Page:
Terrence Malick's The Tree Of Life With Sean Penn Features Dinosaurs. IMAX Release?

UPDATE: On The Tree of Life and another, separate Malick project here.

Today brings a rare update on legendary director Terrence Malick's forthcoming epic, The Tree of Life, that is quite the internet-tickler. Tacked for release sometime this year, the film stars Sean Penn, with Brad Pitt in a flashback role originally intended for Heath Ledger, and now apparently features meditative scenes with dinosaurs. The news arrives via a print-only excerpt in the latest issue of Empire...

"We're just starting work on a project for Terrence Malick, animating dinosaurs, the film is The Tree of Life. It'll be shooting in IMAX—so the dinosaurs will actually be life size — and the shots of the creatures will be long and lingering." – Visual Effects artist Mike Fink (X2, Mars Attacks, Project X)

The above quote first surfaced at HE, where Jeff Wells explains that Malick, who also wrote the script, is incorporating prehistoric themes from a decades-defunct passion project called Q. The film is listed in post-production, and it remains unclear if the dino-scenes (and possibly others) were shot in the newly-embraced IMAX format a la The Dark Knight. Back in 2007, when Pitt's casting was first announced, we described the project as...

In one version of the screenplay, the story opened with "a sleeping god, underwater, dreaming of the origins of the universe, starting with the big bang and moving forward, as fluorescent fish swam into the deity's nostrils and out again." Malick supposedly wanted to create something that has never been seen before, and dispatched cameramen all over the world. They shot micro jellyfish on the Great Barrier Reef volcanic explosions on Mount Edna, and ice shelves breaking off in Antarctica. special effects consultant Richard Taylor describes sections of the script as "pages of poetry, with no dialogue, glorious visual descriptions."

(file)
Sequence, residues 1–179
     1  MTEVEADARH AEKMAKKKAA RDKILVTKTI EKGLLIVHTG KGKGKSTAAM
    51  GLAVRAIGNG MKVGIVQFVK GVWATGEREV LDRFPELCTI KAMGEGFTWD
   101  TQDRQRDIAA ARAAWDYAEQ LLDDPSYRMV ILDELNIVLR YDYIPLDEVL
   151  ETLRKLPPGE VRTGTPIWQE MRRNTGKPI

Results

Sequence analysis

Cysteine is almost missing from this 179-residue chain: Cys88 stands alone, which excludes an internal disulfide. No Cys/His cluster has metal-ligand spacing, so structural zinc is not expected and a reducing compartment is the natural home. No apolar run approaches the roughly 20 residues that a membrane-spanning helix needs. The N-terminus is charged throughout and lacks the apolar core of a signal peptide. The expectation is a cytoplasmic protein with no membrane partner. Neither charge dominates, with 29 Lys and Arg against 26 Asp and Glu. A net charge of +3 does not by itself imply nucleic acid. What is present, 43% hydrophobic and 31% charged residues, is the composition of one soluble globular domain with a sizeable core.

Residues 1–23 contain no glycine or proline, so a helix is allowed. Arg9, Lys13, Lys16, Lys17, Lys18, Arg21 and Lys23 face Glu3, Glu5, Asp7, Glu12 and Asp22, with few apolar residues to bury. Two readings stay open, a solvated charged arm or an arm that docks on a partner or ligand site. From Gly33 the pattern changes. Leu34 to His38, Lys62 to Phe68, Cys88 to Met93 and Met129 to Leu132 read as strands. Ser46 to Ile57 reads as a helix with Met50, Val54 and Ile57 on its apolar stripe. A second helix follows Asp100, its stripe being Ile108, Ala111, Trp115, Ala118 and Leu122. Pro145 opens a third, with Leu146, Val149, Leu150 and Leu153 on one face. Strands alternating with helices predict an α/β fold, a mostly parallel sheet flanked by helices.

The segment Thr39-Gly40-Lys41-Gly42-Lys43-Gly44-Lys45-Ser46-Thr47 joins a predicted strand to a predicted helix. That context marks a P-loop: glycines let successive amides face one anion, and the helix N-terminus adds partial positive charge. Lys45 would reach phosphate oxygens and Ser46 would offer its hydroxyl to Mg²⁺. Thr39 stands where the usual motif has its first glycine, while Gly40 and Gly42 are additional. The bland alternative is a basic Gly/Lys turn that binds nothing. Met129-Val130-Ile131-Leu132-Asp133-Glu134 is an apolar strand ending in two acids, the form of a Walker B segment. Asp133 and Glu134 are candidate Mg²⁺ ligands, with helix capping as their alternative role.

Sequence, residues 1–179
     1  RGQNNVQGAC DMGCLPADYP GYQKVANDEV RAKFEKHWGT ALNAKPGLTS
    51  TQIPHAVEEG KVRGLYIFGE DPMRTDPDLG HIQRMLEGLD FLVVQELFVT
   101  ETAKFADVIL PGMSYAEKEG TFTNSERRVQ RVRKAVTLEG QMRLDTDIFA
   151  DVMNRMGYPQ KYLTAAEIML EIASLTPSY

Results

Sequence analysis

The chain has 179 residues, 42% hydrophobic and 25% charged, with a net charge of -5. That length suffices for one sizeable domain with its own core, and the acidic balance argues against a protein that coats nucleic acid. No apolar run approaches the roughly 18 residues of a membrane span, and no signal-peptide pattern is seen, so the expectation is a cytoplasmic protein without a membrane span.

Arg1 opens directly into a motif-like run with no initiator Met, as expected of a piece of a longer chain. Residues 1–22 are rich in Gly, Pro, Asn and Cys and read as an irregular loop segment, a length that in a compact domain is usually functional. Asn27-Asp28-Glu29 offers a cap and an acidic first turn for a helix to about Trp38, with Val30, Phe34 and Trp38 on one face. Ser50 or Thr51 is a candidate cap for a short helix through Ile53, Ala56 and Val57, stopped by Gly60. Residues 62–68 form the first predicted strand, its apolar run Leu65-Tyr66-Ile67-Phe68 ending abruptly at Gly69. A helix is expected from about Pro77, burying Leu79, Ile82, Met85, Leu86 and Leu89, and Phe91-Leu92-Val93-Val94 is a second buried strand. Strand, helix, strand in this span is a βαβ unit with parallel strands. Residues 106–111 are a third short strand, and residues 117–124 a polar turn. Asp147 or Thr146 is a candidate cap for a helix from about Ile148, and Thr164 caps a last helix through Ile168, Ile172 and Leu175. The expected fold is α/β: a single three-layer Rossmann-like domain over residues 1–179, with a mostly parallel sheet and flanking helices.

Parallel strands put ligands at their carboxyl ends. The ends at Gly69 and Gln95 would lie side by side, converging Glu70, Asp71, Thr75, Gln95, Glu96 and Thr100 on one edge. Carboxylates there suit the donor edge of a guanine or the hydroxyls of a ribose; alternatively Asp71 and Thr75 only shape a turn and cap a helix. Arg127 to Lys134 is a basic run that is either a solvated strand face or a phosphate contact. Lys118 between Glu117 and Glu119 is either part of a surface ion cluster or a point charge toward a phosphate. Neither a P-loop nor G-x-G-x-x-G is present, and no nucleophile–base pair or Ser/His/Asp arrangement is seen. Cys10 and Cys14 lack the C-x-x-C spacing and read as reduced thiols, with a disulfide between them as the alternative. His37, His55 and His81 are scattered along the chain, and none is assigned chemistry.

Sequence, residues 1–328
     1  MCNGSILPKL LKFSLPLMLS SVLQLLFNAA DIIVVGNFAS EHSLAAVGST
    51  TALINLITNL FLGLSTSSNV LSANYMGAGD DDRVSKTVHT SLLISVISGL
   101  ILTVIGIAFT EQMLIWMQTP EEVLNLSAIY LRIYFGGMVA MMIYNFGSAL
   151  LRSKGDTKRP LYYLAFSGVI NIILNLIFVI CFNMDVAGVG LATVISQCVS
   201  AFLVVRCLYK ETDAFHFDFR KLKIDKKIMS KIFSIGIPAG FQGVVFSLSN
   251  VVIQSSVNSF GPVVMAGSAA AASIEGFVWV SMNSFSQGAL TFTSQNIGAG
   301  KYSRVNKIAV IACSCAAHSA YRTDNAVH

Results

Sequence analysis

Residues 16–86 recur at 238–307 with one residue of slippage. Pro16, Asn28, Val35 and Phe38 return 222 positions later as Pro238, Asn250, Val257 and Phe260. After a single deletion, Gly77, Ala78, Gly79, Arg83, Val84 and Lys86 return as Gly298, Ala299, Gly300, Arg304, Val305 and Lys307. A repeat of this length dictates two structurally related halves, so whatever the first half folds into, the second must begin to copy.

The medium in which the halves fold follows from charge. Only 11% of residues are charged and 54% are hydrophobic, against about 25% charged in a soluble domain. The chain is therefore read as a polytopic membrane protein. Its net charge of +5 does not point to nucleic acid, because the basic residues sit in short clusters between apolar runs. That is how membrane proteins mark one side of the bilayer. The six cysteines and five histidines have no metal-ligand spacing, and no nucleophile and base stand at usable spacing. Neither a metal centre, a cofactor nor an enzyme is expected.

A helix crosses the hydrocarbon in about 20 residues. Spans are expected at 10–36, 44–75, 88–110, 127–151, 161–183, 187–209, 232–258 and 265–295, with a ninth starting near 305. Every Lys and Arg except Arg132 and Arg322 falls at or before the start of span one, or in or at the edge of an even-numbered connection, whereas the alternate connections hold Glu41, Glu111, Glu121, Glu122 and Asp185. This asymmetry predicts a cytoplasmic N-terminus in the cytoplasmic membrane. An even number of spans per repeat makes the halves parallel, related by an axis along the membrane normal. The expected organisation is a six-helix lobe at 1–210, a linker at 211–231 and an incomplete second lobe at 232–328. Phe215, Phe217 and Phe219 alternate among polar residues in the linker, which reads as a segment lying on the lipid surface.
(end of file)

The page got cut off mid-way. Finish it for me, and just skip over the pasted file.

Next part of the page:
We trace the evolution of an eleven-year-old boy in the Midwest, Jack, one of three brothers. At first all seems marvelous to the child. He sees as his mother does, with the eyes of his soul. She represents the way of love and mercy, where the father tries to teach his son the world's way, of putting oneself first. Each parent contends for his allegiance, and Jack must reconcile their claims. The picture darkens as he has his first glimpses of sickness, suffering and death. The world, once a thing of glory, becomes a labyrinth.

The character of Jack as an adult will be played by Penn, who undergoes an epiphany and begins to see "the beauty and joy in all things" etc etc. Though a new home movie from the reclusive Malick is enough to make most film buffs lay out a mat facing the sun, The Tree of Life also boasts an expectantly ace crew, including Academy-nominated cinematographer Emmanuel Lubezki (Children of Men, Malick's The New World, Burn After Reading), and Academy-winning production designer and "frequent" Malick-collaborator Jack Fisk (There Will Be Blood, Malick's The Thin Red Line). Let's just hope the dinosaurs are chewing boatloads of cocoa leaves instead of Ambien like Colin Farrel and Co. in The New World (and yes, Badlands is in my top 10).

Discuss: Malick-in-IMAX taking on the world and all its miracles. (Or if you're under 16, is this guy Malick the new McG?)